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GWAR Denies Allegations in Suit by Late Singer Dave Brockie’s Father

The surviving members of the costumed, blood-spewing cult metal band GWAR denied Tuesday that they stole the cremated remains of their late lead singer, Dave Brockie, saying they took possession of Brockie's effects essentially because he would have wanted it that way.

NBC News reported Monday that William Brockie, Brockie's father and the administrator of his estate, sued the band and its management last week for $1 million for alleged breach of contract, unauthorized use of Dave Brockie's image — and the alleged theft of Brockie's ashes. Brockie left no will, and since then his father and the band have argued over who controls the rights to the likeness and effects of the singer who performed as Oderus Urungus, who died last year of acute heroin toxicity.

The band's management, Slave Pit Inc., couldn't be reached for comment Monday, but in a statement Tuesday, it and the band vigorously denied William Brockie's claims as they were reported in Style Weekly, a Richmond alternative arts newspaper, while acknowledging that they hadn't yet seen the lawsuit itself.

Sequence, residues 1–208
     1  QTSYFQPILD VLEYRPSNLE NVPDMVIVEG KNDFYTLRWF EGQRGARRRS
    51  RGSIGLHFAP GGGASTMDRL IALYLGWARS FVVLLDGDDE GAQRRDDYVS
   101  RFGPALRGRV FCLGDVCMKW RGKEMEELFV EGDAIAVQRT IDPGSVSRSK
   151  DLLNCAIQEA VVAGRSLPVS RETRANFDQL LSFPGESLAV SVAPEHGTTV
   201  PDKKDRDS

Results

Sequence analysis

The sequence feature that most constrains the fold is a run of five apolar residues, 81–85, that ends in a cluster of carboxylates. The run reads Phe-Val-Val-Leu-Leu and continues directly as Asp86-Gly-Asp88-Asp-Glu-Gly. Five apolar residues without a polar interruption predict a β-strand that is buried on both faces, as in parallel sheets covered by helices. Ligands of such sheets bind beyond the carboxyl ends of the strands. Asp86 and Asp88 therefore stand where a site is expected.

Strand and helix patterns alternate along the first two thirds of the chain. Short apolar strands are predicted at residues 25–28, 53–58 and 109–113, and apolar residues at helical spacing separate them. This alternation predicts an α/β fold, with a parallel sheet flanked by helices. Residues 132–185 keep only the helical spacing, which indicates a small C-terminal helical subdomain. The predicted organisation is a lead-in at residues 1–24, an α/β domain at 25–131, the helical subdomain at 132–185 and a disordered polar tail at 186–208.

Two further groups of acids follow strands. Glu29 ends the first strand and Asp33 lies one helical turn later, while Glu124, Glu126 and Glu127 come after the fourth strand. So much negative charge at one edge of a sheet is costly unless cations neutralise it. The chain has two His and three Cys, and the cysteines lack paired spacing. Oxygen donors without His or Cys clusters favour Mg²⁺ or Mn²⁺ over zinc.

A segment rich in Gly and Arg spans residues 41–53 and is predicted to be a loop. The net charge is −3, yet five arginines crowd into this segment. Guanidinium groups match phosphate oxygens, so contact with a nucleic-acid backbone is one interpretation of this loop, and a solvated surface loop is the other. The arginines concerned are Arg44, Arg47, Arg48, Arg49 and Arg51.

"We did not steal Dave Brockie's ashes, or anything else that belonged to him," the defendants said, adding that all of Brockie's effects — including his ashes — "have been available to his attorneys for weeks."

"At all times, and under very trying circumstances, we have acted in good faith to honor the wishes of our dear friend ... so we have done the best we could to honor what we believe Dave Brockie would have wanted," they said. "Over 30 years of working and living with Dave, several of us had heard him say that he wished for his ashes to be kept at Slave Pit, so he could 'keep an eye on GWAR' while we worked."

Funds raised in the late singer's name were to be used for a charitable arts foundation, they said, while some of his ashes were to be used at a planned memorial in Richmond's historic Hollywood Cemetery. William Brockie acknowledged in his suit that the band did turn over a small portion of his son's ashes.

Plans for the foundation have been put on hold pending resolution of the dispute over the rights to Dave Brockie's likeness, and the band said that if it loses the battle, "the funds will be returned to all contributing donors."

Regarding Brockie's other allegations, the band denied that it stole or tried to hide Dave Brockie's personal effects or that it failed to pay his estate for his share of the proceeds from their last tour together last year — and "we have the records to prove that," it said.

"We trust our fans will see through this, and we will be able to get back to work on the one thing we all know Dave Brockie loved: GWAR," the band said.

IMAGE: Dave Brockie in 2004
The late GWAR lead singer Dave Brockie in character as Oderus Urungus in 2004. Getty Images — file

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